Now here's an opportunity that Mayor Steve Bach surely shouldn't have missed.
It's a three-day seminar on leadership for newly elected mayors nationwide, running from Wednesday to Friday in an East Coast metropolis. Three rookie Colorado mayors are attending, including Denver's Michael Hancock. It's free — all costs, including airfare, hotels, and meals are covered by the sponsors.
So, wheeeerrrre's Stevie? He's taking care of business right here, most likely because the good Republican voters of Colorado Springs might look askance at both the location and the sponsoring institute.
The sponsor: the John F. Kennedy School of Government (along with the U.S. Conference of Mayors). The location: Harvard University.
Do we want our fine, upstanding mayor consorting with those pointy-headed East Coast Democrat intellectuals? I thought not!
Seriously, Bach has plenty to do here, though he's not talking about why he didn't make the trip to Boston. Apart from showing up for events such as Tuesday's ribbon-cutting at the Venetucci Farm solar garden, he has to decide what to do about the city budget.
City Council is set to approve it on second reading next Tuesday, and then the fun begins. Bach can veto it in whole, or in part, or approve it as is. He'll probably find a couple of items to toss out, such as the $150,000 allocated for repairing various tennis courts, and it's doubtful that Council would try to override him.
The larger problem concerns the $1.5 million "contingency fund" in Bach's original budget. Council axed it with self-righteous harrumphing, calling it the "mayor's slush fund" and characterizing it as a sneaky power play by hizzoner. Bach was furious, and that battle might not be over.
But in a way, the fault was his. He made a rookie mistake: He was too honest.
In past years, city officials constructed budgets with millions of dollars funding vacant jobs, a de facto contingency fund, money that managers could shift around to fill unexpected needs without troubling City Council.
"Bless their little heads," the city manager might have said, "they've got enough on their minds. Why bother them with niggling little expenditures? A hundred thousand here, two hundred thousand there — not real money."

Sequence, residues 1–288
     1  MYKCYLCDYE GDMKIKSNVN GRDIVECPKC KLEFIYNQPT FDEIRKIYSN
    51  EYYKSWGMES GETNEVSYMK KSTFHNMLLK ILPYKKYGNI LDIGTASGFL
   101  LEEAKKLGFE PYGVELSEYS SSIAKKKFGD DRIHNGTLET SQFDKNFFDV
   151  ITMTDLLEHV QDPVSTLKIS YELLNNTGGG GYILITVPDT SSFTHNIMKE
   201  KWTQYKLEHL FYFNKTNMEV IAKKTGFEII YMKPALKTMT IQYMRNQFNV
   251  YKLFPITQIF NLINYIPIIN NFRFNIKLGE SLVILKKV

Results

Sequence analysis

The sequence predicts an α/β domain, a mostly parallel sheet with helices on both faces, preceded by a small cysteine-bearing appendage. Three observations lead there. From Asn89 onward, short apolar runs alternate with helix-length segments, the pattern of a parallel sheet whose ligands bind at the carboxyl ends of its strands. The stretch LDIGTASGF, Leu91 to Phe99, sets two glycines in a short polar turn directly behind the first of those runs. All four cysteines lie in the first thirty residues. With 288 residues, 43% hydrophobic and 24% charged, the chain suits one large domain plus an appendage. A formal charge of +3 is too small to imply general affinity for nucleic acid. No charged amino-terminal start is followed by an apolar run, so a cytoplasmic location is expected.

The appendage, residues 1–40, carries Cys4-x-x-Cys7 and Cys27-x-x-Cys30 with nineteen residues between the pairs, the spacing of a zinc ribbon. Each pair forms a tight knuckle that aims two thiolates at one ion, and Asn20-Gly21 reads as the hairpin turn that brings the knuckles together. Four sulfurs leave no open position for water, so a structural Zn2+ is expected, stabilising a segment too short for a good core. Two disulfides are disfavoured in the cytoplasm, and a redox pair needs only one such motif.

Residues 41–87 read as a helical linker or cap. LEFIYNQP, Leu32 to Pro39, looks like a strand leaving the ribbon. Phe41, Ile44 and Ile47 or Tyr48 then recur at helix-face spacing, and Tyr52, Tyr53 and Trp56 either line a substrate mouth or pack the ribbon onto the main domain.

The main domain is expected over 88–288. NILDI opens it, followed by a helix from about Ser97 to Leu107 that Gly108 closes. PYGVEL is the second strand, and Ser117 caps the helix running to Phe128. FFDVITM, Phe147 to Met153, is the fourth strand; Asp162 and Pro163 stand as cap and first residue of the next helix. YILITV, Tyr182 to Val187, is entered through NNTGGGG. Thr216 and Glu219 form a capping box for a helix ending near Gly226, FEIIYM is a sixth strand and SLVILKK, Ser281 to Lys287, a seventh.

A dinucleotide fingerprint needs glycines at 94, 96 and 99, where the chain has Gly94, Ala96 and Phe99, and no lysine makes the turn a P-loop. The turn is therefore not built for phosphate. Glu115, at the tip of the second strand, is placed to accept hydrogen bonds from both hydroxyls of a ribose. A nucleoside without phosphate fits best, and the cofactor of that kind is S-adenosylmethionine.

Bach ended the chicanery, and left himself without wiggle room. So the administration will have to spend endless hours begging Council to approve minor mid-course budget corrections. That'll make our essentially powerless Councilors feel useful, but it won't make for efficient, responsive government.
And that, after all, is why the voters chose this new form of government. They sensed a real difference between a figurehead mayor and a go-to guy.
The difference was apparent last week when I talked with Bach at a downtown coffee shop. When I wanted to find out what was going on at City Hall in the old days, I had to talk to a half-dozen Council members, the city manager, a few well-placed administration sources and a few private-sector smarties. By the time I was done, half had changed their minds, and I'd be back where I started. The system was opaque, with accountability diffused, and nobody ever seemed to know just what the hell was going on.
Things have changed.
I asked Bach about the recently eliminated DUI dragnet checkpoints and red-light cameras. His idea? Nope, he said, the initiatives really did come from interim Police Chief Pete Carey — but he made it clear that he fully supported both changes.
And what about all the departures of other holdover senior officials? Their choice, he said once again — though he didn't oppose those choices.
By next spring, we'll see a fully formed administration, staffed by folks of Bach's choosing. I'd be surprised if Steve Cox remains in his position as chief of staff; he was clearly an interim pick, named to help Bach navigate the treacherous shoals of local government. He's done a good job, but introducing the kind of change that Bach clearly seeks to implement requires a forceful, creative and cunning chief of staff.
Denver Mayor (now Governor) John Hickenlooper had Michael Bennet, Elvis Dumervil has Von Miller, Batman has Robin — so whom will Bach choose? There's only one obvious candidate, according to a very senior local elected official.